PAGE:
Alternative dispute resolution (ADR), an umbrella concept that includes arbitration and mediation, has grown into a popular approach to solving legal disputes. It often arises in commercial disputes, where many contracts require the parties in a dispute to pursue mediation or arbitration before anyone can sue. It can also come up in cases involving personal injury. In recent years online ADR has become an increasingly viable and robust alternative to conducting relatively expensive, in-person processes. Should someone who has been injured agree to pursue the online ADR approach instead of filing a lawsuit?
Cost and speed are the chief reasons for pursuing resolution of legal disputes through mediation and arbitration. Mediation in particular can offer a particularly speedy and inexpensive route to a settlement. In mediation the two sides of a dispute sit down to negotiate a resolution of their problems, with a mediator acting as a neutral facilitator. The mediator isn’t a judge, and the two sides in the dispute don’t need to go through the complex and sometimes expensive process of developing evidence that would be suitable for a court. To reach a final outcome, the parties in a mediation need to reach agreement about how they’ll resolve their dispute. In the case of personal injury, that might involve the responsible party agreeing to pay a certain amount of money to the injured person.
Arbitration is essentially “litigation lite,” with an arbitrator standing in for a judge. Arbitration is streamlined and simplified when compared to litigation, but rules of evidence and procedure make the process considerably closer to litigation than mediation is. The two sides to the dispute can call witnesses, present evidence, and make their arguments in an adversarial setting. At the end of the process the arbitrator will reach a conclusion which, in some circumstances, may be binding upon both sides of the dispute.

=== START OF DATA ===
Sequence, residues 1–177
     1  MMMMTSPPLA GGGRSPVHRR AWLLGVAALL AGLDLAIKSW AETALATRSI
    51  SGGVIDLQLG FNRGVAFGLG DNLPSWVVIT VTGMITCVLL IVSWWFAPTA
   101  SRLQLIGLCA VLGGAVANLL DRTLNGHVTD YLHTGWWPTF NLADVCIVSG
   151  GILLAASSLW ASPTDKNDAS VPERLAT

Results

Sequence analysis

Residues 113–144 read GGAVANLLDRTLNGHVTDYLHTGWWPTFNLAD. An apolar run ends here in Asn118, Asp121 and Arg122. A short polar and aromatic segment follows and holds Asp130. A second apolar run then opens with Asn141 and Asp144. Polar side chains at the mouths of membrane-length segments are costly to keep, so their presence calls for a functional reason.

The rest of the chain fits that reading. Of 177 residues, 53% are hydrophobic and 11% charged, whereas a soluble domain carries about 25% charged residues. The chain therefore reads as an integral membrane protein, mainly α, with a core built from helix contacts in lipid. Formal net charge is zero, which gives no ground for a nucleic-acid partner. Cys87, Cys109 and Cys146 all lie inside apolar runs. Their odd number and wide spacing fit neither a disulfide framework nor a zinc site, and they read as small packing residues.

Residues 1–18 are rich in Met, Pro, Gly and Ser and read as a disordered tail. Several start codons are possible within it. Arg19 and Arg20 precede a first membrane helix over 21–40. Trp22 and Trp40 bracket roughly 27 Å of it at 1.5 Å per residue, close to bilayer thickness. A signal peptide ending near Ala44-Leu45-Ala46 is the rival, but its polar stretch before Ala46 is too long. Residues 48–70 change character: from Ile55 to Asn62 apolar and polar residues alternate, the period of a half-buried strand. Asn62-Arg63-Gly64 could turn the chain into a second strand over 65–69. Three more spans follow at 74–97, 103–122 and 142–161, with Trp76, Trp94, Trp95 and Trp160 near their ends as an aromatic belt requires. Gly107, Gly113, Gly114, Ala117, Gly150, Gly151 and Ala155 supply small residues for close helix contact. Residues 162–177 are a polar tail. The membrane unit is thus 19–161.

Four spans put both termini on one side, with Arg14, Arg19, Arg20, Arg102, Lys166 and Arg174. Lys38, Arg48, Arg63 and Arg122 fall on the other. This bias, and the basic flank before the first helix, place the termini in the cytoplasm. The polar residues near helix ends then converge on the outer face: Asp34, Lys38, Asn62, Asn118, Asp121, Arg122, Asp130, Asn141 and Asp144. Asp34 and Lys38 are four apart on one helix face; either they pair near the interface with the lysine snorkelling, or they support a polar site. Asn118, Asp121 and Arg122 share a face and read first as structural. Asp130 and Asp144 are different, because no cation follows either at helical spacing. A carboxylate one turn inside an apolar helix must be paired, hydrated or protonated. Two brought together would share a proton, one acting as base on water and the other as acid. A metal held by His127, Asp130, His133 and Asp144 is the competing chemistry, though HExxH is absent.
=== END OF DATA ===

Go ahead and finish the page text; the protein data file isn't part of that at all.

Online dispute resolution is a concept in its relative infancy with a spotty history. Websites offering various kinds of dispute resolution services have come and gone over the years, mostly with little success to show for it. In theory, an online process offers many of the same advantages of mediation or, to a lesser degree, arbitration. It can be relatively fast, informal, and confidential. It can also be conducted between parties who are located anywhere in the world, removing barriers that might make other forms of ADR difficult (cost of travel, disability concerns, and so forth).
The potential downsides of online dispute resolution are considerable. For starters, any conclusion reached in an online forum may not be legally enforceable in a court. It also doesn’t necessarily provide a mechanism for resolving difficult questions, which can make it unsuitable for controversies where important facts are in dispute. This is a common problem with personal injury cases. Complex issues like medical diagnoses will be difficult or impossible to resolve in a satisfactory way without the tools available in more formal settings.
Even in cases where an online solution may offer a fast, simple approach to resolving a dispute, it’s important to consult with an attorney to understand the benefits and risks of such an approach. An attorney can help the client protect his or her interests, avoid traps set by the defense, and evaluate whether an online process needs to be abandoned for another approach. For over 45 years the law firm of Greenman Goldberg Raby Martinez has represented Las Vegas clients in personal injury cases. To learn how we can be of help in your case, call us today for a free attorney consultation. We can be reached at 702-388-4476 or send us a request through our site.